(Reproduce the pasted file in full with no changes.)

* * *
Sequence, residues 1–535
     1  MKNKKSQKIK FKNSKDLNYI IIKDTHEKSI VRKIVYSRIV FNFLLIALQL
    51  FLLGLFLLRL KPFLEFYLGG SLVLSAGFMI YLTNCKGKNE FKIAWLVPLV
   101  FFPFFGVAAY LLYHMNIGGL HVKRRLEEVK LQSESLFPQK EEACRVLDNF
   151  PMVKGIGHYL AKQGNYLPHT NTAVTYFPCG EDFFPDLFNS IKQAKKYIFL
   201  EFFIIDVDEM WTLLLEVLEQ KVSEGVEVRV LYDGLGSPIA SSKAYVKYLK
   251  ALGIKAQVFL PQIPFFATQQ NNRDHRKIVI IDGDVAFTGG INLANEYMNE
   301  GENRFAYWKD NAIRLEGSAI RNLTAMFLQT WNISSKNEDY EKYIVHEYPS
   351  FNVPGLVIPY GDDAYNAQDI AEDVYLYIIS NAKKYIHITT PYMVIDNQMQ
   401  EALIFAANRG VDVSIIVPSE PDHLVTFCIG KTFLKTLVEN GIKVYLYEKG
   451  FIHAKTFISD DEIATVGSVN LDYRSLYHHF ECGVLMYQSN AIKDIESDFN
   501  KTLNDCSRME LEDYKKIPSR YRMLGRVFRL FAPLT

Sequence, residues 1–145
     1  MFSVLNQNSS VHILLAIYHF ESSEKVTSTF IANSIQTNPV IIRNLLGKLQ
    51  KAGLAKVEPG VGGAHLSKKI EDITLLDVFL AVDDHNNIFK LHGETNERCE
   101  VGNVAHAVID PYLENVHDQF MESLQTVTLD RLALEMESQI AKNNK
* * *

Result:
Sequence, residues 1–535
     1  MKNKKSQKIK FKNSKDLNYI IIKDTHEKSI VRKIVYSRIV FNFLLIALQL
    51  FLLGLFLLRL KPFLEFYLGG SLVLSAGFMI YLTNCKGKNE FKIAWLVPLV
   101  FFPFFGVAAY LLYHMNIGGL HVKRRLEEVK LQSESLFPQK EEACRVLDNF
   151  PMVKGIGHYL AKQGNYLPHT NTAVTYFPCG EDFFPDLFNS IKQAKKYIFL
   201  EFFIIDVDEM WTLLLEVLEQ KVSEGVEVRV LYDGLGSPIA SSKAYVKYLK
   251  ALGIKAQVFL PQIPFFATQQ NNRDHRKIVI IDGDVAFTGG INLANEYMNE
   301  GENRFAYWKD NAIRLEGSAI RNLTAMFLQT WNISSKNEDY EKYIVHEYPS
   351  FNVPGLVIPY GDDAYNAQDI AEDVYLYIIS NAKKYIHITT PYMVIDNQMQ
   401  EALIFAANRG VDVSIIVPSE PDHLVTFCIG KTFLKTLVEN GIKVYLYEKG
   451  FIHAKTFISD DEIATVGSVN LDYRSLYHHF ECGVLMYQSN AIKDIESDFN
   501  KTLNDCSRME LEDYKKIPSR YRMLGRVFRL FAPLT

Sequence, residues 1–145
     1  MFSVLNQNSS VHILLAIYHF ESSEKVTSTF IANSIQTNPV IIRNLLGKLQ
    51  KAGLAKVEPG VGGAHLSKKI EDITLLDVFL AVDDHNNIFK LHGETNERCE
   101  VGNVAHAVID PYLENVHDQF MESLQTVTLD RLALEMESQI AKNNK